UK university staff vote to strike over USS pension reforms

Fourteen days of strike action set to begin on 22 February if talks fail, affecting 61 universities

January 22, 2018
Strike placards

Union members have voted overwhelmingly in favour of strike action over changes to UK higher education’s biggest pension scheme.

Eighty-eight per cent of University and College Union members who took part in the ballot voted to walk out after Universities UK proposed scrapping the element of Universities Superannuation Scheme that guarantees a certain level of pension income in retirement.

UCU said that, if a deal cannot be reached, 14 days of strike action would be held at the 61 universities where ballots met the 50 per cent turnout threshold required for any strike action, starting with a two-day walkout on 22 and 23 February.

This would escalate to three-day, four-day and five-day strikes in subsequent weeks.

Of the 58 per cent of members who voted, 93 per cent backed action short of a strike, which is set to include refusing to cover classes or reschedule classes lost to strike days, as well as refusing to undertake any voluntary duties.

About 190,000 staff in mainly pre-92 institutions are members of USS.

Sally Hunt, the UCU’s general secretary, said that members had “made it quite clear they are prepared to take action to defend their pensions and the universities need to work with us to avoid widespread disruption”.

Universities will be hit with levels of strike action not seen before on UK campuses if a deal cannot be done over the future of USS pensions," she said. "Even at this late stage we urge universities to work with us to reach an agreement that protects the defined benefit element of USS pensions."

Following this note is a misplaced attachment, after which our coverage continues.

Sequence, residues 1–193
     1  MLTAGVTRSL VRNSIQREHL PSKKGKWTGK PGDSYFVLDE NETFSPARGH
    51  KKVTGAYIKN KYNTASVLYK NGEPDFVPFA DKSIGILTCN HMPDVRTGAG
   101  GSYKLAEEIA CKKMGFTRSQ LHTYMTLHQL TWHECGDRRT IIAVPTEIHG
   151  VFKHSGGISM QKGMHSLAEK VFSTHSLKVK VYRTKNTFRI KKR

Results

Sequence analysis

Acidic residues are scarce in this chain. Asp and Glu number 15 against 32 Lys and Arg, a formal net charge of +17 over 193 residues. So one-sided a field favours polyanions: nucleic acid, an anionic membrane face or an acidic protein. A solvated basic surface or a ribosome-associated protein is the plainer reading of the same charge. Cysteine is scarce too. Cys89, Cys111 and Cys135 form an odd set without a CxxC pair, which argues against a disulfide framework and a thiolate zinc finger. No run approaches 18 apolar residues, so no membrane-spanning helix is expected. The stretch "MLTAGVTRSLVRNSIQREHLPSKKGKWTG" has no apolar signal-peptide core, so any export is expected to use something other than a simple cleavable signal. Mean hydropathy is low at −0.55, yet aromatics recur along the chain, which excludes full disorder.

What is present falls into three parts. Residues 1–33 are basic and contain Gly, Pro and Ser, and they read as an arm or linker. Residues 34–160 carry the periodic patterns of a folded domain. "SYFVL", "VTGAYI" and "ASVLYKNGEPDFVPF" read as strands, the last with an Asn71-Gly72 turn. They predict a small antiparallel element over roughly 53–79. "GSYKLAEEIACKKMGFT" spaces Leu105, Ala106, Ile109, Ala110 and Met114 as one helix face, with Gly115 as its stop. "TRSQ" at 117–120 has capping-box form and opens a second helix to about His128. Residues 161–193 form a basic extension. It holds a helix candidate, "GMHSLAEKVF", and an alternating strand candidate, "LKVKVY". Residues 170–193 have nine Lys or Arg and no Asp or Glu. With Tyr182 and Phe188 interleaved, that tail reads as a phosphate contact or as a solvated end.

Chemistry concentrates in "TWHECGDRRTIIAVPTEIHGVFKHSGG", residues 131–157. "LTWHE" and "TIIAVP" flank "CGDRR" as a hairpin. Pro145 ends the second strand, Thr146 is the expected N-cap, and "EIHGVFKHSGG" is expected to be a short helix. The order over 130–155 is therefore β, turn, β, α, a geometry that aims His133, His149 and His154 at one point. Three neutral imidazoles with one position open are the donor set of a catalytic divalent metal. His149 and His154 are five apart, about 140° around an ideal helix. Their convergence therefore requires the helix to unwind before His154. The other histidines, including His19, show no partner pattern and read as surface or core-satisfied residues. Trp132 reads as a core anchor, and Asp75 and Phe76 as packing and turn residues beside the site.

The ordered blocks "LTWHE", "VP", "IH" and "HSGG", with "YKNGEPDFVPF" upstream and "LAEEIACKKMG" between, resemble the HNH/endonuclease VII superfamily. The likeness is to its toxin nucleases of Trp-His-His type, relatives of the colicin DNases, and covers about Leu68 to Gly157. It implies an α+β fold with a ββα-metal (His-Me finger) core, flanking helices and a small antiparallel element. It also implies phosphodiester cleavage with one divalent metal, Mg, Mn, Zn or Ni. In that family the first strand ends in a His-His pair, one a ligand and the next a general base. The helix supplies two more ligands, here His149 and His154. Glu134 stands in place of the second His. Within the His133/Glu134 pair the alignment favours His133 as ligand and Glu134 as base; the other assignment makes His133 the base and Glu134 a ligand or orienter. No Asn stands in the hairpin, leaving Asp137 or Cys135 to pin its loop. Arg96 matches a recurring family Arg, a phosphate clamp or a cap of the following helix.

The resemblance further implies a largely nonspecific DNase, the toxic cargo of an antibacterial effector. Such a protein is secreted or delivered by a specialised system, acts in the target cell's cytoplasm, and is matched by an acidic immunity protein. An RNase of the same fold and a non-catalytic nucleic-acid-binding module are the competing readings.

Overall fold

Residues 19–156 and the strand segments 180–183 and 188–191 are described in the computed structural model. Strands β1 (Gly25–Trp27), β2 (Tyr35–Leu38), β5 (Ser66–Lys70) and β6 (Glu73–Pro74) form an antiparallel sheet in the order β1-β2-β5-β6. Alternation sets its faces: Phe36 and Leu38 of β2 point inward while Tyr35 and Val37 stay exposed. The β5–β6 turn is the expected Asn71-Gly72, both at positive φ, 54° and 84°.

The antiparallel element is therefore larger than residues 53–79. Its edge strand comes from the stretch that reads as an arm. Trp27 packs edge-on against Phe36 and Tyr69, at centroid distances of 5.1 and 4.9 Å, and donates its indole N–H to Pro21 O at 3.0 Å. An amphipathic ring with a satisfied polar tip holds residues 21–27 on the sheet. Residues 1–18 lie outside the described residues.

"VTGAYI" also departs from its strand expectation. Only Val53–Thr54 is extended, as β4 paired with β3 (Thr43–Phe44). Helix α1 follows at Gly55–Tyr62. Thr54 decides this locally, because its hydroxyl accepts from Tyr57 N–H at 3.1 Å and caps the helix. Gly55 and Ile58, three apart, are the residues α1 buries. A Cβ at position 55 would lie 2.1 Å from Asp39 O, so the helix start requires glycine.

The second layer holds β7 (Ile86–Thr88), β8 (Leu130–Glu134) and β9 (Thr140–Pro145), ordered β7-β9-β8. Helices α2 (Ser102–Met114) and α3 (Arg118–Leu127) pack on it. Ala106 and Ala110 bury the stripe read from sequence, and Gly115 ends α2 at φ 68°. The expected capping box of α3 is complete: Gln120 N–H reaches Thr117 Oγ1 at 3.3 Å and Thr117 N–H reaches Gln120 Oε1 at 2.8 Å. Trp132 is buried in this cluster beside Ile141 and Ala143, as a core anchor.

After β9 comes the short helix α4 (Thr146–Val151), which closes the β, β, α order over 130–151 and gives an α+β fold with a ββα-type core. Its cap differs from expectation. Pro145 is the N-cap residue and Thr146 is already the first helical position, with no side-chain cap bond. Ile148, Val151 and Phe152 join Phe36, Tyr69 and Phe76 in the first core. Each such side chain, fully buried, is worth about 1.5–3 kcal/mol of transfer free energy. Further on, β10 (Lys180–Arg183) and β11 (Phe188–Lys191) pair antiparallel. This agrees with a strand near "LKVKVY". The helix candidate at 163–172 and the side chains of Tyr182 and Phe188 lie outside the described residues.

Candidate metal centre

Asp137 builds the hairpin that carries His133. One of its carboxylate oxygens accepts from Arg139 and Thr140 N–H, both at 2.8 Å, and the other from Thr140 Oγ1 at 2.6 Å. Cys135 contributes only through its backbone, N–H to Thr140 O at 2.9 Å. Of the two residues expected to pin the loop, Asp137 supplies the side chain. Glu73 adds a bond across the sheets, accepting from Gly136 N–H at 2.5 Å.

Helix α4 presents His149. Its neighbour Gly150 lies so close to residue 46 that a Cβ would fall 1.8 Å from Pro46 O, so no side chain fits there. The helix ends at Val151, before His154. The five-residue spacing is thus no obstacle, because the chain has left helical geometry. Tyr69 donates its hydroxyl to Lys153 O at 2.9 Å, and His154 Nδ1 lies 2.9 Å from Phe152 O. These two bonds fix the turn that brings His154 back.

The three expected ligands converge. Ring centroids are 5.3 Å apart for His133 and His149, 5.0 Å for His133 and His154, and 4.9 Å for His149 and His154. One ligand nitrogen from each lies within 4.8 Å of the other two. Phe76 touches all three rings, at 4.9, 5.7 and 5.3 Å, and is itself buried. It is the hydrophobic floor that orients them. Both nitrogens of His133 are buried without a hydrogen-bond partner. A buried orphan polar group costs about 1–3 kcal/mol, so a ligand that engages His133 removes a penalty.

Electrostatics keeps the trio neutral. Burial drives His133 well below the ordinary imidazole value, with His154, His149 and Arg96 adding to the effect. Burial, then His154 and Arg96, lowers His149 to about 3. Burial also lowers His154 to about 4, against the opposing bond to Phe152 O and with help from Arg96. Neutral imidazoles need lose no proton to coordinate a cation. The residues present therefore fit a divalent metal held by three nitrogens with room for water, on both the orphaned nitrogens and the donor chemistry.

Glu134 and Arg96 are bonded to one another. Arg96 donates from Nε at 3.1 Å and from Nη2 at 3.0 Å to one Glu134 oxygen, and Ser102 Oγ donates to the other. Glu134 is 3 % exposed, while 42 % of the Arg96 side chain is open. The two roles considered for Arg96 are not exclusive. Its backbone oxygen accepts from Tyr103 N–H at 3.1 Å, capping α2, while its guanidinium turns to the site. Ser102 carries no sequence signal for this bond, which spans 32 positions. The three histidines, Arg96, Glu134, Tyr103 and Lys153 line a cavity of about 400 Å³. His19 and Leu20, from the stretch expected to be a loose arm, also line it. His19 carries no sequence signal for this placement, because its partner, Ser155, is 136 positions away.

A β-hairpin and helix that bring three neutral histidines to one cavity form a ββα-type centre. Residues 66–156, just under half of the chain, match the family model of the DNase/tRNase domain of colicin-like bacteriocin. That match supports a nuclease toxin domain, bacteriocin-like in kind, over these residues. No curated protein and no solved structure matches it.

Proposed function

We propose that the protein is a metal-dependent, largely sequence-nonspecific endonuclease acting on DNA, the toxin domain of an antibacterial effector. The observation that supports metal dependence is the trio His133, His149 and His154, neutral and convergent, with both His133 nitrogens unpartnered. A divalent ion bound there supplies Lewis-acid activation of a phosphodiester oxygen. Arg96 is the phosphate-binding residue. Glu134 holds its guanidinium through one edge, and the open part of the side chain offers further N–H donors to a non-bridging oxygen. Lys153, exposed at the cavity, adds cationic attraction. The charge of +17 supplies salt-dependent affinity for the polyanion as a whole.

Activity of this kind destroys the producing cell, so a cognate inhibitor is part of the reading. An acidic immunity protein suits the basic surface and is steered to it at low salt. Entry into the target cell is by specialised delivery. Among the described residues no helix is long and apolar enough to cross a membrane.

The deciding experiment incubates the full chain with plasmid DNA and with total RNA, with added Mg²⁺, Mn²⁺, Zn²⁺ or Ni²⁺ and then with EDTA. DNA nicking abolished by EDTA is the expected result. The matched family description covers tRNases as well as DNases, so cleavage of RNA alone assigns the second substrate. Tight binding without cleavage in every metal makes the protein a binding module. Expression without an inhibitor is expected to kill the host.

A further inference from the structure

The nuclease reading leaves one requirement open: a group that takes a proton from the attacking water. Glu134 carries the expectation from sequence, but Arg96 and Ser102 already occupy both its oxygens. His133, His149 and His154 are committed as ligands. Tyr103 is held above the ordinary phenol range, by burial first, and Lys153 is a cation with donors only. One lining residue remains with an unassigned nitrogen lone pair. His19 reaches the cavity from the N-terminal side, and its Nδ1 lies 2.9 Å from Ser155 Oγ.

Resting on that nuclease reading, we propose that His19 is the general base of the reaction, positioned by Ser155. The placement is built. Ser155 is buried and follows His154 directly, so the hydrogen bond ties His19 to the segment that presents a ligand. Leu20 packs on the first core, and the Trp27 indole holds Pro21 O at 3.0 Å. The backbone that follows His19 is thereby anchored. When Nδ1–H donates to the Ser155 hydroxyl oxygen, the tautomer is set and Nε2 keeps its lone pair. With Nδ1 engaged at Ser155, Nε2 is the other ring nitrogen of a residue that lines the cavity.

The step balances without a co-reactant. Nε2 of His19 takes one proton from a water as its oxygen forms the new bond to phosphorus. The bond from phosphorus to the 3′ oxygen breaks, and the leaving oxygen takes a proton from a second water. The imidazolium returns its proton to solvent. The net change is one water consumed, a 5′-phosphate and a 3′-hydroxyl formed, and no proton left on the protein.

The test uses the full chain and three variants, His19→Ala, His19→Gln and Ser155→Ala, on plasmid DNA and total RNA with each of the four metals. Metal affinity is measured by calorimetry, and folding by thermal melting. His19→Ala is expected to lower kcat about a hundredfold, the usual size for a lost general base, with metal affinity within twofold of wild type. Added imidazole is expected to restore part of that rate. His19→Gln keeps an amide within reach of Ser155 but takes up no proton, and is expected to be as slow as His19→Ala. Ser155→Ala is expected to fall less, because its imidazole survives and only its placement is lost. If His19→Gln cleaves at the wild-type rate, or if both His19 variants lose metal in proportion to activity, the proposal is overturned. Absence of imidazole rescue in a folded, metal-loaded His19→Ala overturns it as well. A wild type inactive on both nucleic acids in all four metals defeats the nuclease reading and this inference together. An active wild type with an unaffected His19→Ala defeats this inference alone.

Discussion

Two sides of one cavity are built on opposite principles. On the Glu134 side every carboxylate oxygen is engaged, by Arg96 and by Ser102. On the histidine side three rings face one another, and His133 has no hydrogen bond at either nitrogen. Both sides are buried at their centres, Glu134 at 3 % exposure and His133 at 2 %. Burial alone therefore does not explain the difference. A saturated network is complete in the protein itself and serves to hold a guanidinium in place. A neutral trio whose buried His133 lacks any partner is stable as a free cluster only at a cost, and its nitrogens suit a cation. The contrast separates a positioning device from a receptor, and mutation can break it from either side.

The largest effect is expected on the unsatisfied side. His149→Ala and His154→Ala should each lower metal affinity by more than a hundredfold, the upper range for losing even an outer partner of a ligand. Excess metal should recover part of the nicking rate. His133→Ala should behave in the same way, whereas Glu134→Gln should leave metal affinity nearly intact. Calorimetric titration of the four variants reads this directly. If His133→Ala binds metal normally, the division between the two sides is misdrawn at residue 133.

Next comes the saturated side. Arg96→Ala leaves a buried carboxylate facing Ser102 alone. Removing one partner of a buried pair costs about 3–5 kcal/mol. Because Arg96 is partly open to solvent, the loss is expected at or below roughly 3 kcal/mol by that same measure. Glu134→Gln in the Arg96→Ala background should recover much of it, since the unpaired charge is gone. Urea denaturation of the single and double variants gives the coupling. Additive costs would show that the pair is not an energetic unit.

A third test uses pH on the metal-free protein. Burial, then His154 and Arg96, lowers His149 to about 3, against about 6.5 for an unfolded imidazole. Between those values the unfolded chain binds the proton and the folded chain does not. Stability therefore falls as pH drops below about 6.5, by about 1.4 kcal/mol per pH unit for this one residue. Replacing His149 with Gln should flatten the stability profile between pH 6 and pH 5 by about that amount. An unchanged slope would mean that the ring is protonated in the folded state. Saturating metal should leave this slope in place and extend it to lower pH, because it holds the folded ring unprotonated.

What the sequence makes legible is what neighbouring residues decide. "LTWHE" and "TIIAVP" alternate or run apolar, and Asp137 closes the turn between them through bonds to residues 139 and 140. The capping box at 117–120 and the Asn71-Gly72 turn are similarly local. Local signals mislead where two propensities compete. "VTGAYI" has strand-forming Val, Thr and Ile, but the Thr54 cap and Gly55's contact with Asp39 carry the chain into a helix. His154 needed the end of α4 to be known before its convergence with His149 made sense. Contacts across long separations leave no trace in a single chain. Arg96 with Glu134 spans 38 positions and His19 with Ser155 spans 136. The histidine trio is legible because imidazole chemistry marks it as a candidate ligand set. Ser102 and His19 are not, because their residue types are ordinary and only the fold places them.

Talks involving UUK and UCU are currently scheduled to finish on 23 January.

At present, the USS operates a hybrid scheme in which defined benefit pensions can be accumulated on salaries up to £55,550, with earnings above this threshold directed towards a defined contribution scheme, under which retirement incomes depend solely on returns from money invested in the stock market.

UUK’s proposal would move the entirety of members’ earnings on to a defined contribution model, in a bid to close a deficit that USS estimates to be £7.5 billion.

A spokeswoman for UUK described the ballot result as “disappointing”.

“A solution to the significant funding challenges facing USS needs to be found,” she said. “UUK’s priority is to put USS on a secure and sustainable footing while offering attractive, market-leading pensions – the very best that can be afforded by both employers and employees.  

“We should be under no illusion, this is not a problem that will go away if ignored. To retain the status quo would only serve interests in the short term. Without reform now, universities will likely be forced to divert funding allocated from research and teaching to fill a pensions funding gap. The option of no reform is a dangerous gamble. It is a risk that employers cannot take.”

The result comes after 960 professors warned that UUK’s proposal would lead to a recruitment “disaster” for universities.

The letter, published in Times Higher Education, says that, in a sector where “many would earn more in the private sector and which has a well-deserved reputation as ‘world class’, the USS pension has provided compensation for relatively modest salaries and has acted as a powerful magnet to talented staff from around the globe”.